In recent years,
the Maduro regime has restricted media freedom by harassing and persecuting
dissenting voices, particularly those of journalists and media workers.
Independent journalists in Venezuela operate within a highly restrictive
regulatory and legal environment, and risk arrest and physical violence. These
difficulties also extend to non-governmental organizations working on analysis
and reporting of current events within Venezuela. To avoid persecution or
undesired consequences, including arbitrary detentions, many journalists and
news media resort to self-censorship.
The Maduro regime
has also orchestrated the acquisition of media trusts to secure friendly
editorial perspectives and propagate state-sponsored policies, messages and
ideology. State-owned media outlets provide almost exclusively favourable
coverage to the regime, to the detriment of any dissenting voices. Media
outlets that criticize or challenge the Maduro regime risk facing legal
consequences, including the cancellation of their licences and the seizure of
equipment or property. As a result, Venezuela has lost its once-vibrant
newspaper sector and the Maduro regime controls the domestic narrative.
measures are evident in the digital space in Venezuela, where the Maduro regime
uses targeted content blocking against critics. The blocking or filtering of
services affects the free flow of information as well as freedom of expression,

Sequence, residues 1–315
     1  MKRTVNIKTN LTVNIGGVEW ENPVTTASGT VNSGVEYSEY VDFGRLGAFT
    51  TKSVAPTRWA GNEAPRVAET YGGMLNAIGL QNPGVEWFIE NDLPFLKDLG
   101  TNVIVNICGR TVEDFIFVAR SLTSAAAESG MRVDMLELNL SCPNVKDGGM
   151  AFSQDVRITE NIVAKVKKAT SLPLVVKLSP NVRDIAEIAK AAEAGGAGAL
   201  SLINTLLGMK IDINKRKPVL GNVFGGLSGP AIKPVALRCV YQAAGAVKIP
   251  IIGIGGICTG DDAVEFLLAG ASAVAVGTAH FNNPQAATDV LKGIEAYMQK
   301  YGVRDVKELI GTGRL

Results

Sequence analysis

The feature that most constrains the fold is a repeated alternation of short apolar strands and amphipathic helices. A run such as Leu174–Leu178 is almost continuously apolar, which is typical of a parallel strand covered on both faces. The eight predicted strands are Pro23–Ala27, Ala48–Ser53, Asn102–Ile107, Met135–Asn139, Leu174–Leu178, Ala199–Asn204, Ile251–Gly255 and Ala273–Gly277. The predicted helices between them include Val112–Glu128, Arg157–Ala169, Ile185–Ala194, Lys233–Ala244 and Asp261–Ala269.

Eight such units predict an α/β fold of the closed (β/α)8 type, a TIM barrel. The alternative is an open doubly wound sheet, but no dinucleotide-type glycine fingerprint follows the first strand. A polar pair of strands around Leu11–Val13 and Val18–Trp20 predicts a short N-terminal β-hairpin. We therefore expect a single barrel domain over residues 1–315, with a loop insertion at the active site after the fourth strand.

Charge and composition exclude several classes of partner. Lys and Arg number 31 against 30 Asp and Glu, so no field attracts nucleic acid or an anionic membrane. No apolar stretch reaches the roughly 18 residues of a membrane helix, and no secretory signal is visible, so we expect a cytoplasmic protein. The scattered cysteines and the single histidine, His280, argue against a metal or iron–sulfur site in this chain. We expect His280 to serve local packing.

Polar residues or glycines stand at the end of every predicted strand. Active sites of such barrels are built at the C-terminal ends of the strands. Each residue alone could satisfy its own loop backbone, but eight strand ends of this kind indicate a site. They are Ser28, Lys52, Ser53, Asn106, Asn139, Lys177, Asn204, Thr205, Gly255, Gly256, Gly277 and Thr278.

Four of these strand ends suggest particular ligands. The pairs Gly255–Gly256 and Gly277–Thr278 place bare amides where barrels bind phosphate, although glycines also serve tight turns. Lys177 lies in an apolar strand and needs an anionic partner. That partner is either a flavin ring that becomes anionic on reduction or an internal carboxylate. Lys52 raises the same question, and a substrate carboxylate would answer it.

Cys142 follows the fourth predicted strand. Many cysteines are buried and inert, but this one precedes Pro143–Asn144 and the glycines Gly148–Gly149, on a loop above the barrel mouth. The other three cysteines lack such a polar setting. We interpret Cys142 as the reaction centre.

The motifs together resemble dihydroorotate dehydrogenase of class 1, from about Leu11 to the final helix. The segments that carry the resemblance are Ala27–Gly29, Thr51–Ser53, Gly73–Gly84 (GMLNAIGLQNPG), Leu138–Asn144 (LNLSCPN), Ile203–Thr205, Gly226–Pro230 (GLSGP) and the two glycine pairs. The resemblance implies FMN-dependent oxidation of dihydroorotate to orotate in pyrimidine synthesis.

further eroding media freedom and civic space. This is of particular concern,
given that means of digital information and communications have never been more
important and that most independent news outlets in Venezuela can now only
operate online. The regime also allocates significant resources to disseminate its
own messaging and drown out voices that challenge its narrative.
The right to
freedom of expression as exercised by journalists is fundamental to the
protection and promotion of democracy, all human rights and the rule of law.
Free, independent and pluralistic media both online and offline is crucial for
a democratic society to make informed decisions, hold authorities, institutions
and individuals accountable and hear a diversity of opinions. Being able
to work in safety allows journalists to fulfill their crucial role of being a
source of objective and unbiased information.
We commend the
courage of all journalists and media workers in Venezuela who, both online and
offline, report on attacks to democratic institutions and on human rights
violations and abuses, as well as on corruption in Venezuela. Journalists need
a safe environment in which to do their work.
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